Archbishop of Canterbury calls churches to be ‘revolutionary’ to meet modern challenges

By ENS Staff
Posted Aug 5, 2022

Archbishop of Canterbury Justin Welby delivers his second keynote address to the Lambeth Conference on Aug. 5, 2022. Photo: Lambeth Conference Media

[Episcopal News Service – Canterbury, England] In his second keynote address to the bishops of the Anglican Communion on Aug. 5, Archbishop of Canterbury Justin Welby said the church should be “a place of revolution without violence,” taking bold action against the social injustices that afflict the poor and powerless.

Some 650 bishops representing 165 countries are attending the 15th Lambeth Conference, the first in 14 years, after past conferences typically were held once a decade.

In his later afternoon address, Welby expounded on some of the defining topics of the conference, which will end on Aug. 7 with a closing service at Canterbury Cathedral. Churches, he said, are called to disrupt oppressive and exploitative systems, such as extreme economic disparities, resource hoarding and environmental destruction.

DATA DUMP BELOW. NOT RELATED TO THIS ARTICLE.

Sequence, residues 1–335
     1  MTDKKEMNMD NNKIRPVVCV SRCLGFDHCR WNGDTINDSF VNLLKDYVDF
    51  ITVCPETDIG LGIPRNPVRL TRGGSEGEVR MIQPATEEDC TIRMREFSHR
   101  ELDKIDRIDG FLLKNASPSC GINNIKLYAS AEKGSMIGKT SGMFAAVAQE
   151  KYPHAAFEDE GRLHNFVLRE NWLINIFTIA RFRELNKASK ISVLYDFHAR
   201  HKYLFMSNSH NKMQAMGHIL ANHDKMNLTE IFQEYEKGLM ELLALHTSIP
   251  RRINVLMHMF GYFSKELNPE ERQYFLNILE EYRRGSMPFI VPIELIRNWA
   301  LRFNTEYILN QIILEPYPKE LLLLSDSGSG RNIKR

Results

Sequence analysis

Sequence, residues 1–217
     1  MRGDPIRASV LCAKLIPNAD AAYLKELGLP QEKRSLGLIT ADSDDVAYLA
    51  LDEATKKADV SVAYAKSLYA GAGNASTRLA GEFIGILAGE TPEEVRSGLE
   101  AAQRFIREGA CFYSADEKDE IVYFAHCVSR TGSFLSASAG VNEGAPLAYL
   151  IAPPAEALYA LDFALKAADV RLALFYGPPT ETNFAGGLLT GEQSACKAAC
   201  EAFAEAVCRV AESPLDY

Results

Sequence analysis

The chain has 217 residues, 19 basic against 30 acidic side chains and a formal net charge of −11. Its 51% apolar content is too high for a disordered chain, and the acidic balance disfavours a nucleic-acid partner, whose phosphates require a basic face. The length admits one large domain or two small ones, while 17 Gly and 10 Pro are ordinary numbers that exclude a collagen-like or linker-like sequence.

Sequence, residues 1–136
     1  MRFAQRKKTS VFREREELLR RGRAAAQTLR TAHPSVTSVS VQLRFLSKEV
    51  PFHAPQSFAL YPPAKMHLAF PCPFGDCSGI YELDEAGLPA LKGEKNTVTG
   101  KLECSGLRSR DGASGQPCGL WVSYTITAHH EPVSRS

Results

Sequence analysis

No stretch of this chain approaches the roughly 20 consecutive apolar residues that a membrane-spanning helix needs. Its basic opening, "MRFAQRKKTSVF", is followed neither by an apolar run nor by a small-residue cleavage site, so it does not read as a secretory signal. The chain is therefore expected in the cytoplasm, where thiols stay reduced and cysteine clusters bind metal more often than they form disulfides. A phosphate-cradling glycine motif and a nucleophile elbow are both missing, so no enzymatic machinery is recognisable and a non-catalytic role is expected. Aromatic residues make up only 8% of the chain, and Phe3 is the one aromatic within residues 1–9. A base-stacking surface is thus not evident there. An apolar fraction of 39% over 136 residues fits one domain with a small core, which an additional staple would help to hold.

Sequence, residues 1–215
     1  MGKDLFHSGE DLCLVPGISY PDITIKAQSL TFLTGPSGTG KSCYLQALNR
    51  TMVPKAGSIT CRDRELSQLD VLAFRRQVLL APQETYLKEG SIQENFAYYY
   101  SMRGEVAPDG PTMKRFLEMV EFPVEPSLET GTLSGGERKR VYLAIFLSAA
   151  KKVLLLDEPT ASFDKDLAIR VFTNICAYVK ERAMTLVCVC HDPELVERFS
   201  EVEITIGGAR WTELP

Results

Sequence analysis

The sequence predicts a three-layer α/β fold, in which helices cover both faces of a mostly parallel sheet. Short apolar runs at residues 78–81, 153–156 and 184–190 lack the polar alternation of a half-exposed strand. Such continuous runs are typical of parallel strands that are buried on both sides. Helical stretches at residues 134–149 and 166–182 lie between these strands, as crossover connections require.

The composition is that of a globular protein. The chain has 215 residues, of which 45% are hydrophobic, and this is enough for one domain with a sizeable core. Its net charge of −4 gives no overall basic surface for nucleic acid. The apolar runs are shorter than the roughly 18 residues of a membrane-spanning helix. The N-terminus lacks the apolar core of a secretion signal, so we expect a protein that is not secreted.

“How can science serve the Kingdom unless we have those who can argue the claims of God based on the gifts God has given us in science and technology?” Welby asked. “How can we challenge the selfishness of the rich if we are unable to argue with economics in the power of the Spirit?”

In advance of the 2022 Lambeth Conference, Welby had said he hoped to unite the 85-million-member communion under common expressions of faith and social engagement, rather than focusing on debates over human sexuality that have divided bishops at past conferences. Instead, bishops were to come together around the theme “God’s Church for God’s World.” Aspects of that theme were have been presented in a series of 10 “Lambeth Calls,” including science and faith, mission and evangelism, interfaith relations, climate change and human dignity.

On Aug. 2, in a closed session on the Lambeth Call on Human Dignity, Welby sought to bring the bishops closer together by affirming the sincerity and theological rigor of Anglicans on both sides of the divide over the extent of LGBTQ+ inclusion in the church.

In his Aug. 5 address, the second of three, he indirectly referenced the Anglican Communion’s internal disputes over sexuality, saying Anglicans must be “united” but not necessarily “unanimous.”

“The miracle that God has brought about in the church is not that like-minded people like each other, but that the most unlike people, love each other,” he said.